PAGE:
As discussed earlier, point-of-care reports are one of the most useful features of clinical decision support systems. The reports consolidate multiple EHR screens onto a single page, reducing mouse clicks and time spent squinting at the screen instead of looking at the patient. However, this new piece of paper will require the care team to change parts of its workflow.
If your practice team has worked hard to go paperless, nothing will make the team angrier than unexpectedly dropping a new piece of paper in their laps. Explain that the point-of-care report is intended as a one-time snapshot of the patient; it is not part of the permanent medical record. Then tackle the following questions:
Will every physician in the practice use the point-of-care report the same way, or will the practice allow wide variation in workflow depending on physician preference? Jamie Reedy, MD, MPH, medical director at Paramount Medical Group in N. J., says her group took a mixed approach. “We were rolling out the clinical decision support system in multiple practices in our system. We had to be vigilant about the way the data were entered, so we wanted to allow some flexibility in how the point-of-care reports were used,” she said.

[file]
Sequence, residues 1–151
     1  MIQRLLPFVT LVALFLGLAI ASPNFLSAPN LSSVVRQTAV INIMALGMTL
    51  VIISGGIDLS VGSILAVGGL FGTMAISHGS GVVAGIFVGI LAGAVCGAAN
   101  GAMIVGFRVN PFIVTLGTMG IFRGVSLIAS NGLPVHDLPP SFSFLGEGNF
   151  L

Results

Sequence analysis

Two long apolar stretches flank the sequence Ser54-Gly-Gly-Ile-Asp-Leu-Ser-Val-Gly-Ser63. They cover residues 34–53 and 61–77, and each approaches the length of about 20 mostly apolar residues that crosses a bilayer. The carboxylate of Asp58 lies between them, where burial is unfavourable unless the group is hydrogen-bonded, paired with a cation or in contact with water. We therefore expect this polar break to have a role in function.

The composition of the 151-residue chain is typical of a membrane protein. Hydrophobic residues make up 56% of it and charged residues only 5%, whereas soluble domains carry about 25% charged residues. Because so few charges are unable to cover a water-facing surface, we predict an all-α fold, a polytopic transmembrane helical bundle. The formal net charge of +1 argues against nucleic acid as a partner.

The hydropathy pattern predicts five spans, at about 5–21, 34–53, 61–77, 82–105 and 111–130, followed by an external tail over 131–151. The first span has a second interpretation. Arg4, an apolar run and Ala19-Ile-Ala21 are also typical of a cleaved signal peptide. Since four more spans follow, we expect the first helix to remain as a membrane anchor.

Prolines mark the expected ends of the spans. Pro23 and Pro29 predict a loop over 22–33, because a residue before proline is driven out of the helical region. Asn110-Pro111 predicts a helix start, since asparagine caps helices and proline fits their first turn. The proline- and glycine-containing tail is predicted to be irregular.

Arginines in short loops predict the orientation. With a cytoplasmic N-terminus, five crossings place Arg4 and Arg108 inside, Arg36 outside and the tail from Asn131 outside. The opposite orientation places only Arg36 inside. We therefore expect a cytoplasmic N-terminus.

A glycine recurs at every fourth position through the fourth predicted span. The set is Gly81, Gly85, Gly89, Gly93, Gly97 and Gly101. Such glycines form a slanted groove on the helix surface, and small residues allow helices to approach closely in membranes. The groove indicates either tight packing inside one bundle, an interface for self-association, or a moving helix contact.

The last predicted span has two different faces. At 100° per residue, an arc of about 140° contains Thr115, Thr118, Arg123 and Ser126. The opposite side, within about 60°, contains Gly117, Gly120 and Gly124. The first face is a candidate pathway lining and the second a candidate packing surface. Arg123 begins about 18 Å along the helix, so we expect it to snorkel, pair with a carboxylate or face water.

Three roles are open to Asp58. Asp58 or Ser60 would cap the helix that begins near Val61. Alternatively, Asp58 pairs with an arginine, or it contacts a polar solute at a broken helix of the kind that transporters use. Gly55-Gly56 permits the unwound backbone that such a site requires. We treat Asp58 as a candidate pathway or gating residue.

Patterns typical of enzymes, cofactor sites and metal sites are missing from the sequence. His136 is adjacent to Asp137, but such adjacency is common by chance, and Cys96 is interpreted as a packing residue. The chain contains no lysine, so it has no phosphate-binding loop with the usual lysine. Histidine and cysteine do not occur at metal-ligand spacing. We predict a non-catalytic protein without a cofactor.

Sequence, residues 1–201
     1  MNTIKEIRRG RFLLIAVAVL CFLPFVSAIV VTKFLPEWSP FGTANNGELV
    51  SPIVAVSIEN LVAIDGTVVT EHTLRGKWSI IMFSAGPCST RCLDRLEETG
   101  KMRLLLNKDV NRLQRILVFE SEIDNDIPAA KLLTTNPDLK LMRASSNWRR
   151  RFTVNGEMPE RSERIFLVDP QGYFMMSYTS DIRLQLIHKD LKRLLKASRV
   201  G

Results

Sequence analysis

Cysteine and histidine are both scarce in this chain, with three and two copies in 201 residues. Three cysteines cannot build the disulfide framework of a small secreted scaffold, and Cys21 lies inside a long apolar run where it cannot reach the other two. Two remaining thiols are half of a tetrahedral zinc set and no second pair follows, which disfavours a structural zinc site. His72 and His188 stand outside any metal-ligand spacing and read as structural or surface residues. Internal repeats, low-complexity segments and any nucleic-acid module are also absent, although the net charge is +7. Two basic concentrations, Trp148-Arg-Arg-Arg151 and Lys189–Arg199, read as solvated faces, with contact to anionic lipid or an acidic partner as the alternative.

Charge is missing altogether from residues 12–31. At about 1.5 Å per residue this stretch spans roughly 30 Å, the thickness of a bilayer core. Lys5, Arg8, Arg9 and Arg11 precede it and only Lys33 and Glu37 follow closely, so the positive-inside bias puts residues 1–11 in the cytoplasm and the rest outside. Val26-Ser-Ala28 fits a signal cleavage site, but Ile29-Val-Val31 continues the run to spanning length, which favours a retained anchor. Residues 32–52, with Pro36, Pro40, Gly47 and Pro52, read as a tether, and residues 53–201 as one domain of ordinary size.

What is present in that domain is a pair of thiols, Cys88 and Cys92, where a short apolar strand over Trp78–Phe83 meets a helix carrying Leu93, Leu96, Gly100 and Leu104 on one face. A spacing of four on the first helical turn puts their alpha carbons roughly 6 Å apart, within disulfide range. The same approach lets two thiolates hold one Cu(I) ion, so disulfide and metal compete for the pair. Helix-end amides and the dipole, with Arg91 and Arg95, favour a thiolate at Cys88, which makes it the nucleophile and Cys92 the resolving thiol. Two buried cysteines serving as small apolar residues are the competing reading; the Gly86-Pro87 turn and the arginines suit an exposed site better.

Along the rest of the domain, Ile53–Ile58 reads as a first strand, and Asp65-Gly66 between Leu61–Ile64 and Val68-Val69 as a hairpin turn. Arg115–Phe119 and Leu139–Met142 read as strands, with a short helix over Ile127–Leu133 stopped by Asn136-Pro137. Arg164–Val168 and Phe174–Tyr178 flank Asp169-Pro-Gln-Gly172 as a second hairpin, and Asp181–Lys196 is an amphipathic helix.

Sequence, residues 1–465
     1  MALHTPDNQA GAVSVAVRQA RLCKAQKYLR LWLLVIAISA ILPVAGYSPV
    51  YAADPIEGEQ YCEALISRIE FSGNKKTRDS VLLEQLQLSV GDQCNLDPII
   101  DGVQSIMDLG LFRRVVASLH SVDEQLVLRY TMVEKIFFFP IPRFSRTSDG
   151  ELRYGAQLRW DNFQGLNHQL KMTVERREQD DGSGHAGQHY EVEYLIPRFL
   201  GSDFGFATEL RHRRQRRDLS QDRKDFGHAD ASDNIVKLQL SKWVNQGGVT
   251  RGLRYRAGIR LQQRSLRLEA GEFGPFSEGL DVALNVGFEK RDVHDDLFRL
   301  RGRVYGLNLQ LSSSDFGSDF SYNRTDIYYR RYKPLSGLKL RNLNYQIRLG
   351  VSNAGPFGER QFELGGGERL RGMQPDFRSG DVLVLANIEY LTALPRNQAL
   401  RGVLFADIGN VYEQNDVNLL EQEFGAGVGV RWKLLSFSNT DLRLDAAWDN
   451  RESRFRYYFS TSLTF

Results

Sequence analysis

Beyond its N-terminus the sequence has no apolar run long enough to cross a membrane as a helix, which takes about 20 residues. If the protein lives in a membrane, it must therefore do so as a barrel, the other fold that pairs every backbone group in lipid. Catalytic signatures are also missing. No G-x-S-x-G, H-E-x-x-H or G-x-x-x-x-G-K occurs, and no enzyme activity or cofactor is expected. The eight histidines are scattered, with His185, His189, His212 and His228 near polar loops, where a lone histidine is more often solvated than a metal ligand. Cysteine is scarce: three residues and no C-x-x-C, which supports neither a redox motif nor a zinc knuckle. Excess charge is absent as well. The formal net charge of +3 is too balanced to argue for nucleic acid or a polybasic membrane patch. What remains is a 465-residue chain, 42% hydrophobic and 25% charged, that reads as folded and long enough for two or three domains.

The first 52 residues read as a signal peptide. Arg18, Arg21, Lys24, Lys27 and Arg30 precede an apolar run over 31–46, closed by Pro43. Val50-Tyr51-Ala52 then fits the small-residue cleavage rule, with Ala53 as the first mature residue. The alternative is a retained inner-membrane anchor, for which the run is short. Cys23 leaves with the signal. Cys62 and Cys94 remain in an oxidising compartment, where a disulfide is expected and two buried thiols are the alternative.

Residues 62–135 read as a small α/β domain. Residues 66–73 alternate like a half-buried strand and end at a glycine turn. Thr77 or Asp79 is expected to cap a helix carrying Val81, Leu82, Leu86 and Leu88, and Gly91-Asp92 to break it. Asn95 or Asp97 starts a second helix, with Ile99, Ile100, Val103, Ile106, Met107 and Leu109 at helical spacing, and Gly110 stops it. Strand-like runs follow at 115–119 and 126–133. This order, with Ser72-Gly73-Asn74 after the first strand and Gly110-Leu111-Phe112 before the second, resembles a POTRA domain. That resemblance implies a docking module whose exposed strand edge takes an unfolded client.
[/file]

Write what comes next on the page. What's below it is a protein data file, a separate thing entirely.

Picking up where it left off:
Will the report be used as a form of standing orders? If so, how will staff interpret those orders? In the sample report shown above, the section titled “Action Items” includes reminders and standing orders for the medical assistants, such as “Document advanced directives status” and “Document/administer flu vaccine, if applicable.” Although everyone needs time to get used to a system like this, it allows care team members to function at the highest point of their licenses. Of course, every state has different guidelines on what registered nurses, licensed practical nurses, or medical assistants can do with standing orders versus direct physician orders, so someone on the care team should be responsible for confirming the rules in your state and communicating this to everyone.
Where will the piece of paper end up – in the physician’s hand, the patient’s hand, or the shredder? In Reedy’s group, many of the physicians ended up sending the reports home with their patients. “We found patients enjoy seeing their health data in one place, and it encourages them to be more proactive about their own health,” she said.
Population management & quality of care
Although the point-of-care report helps identify the unmet needs of the patient in front of you, it doesn’t address the unmet needs of all the unseen patients in your practice. This is where the power of the overdue report and the registry report come into play.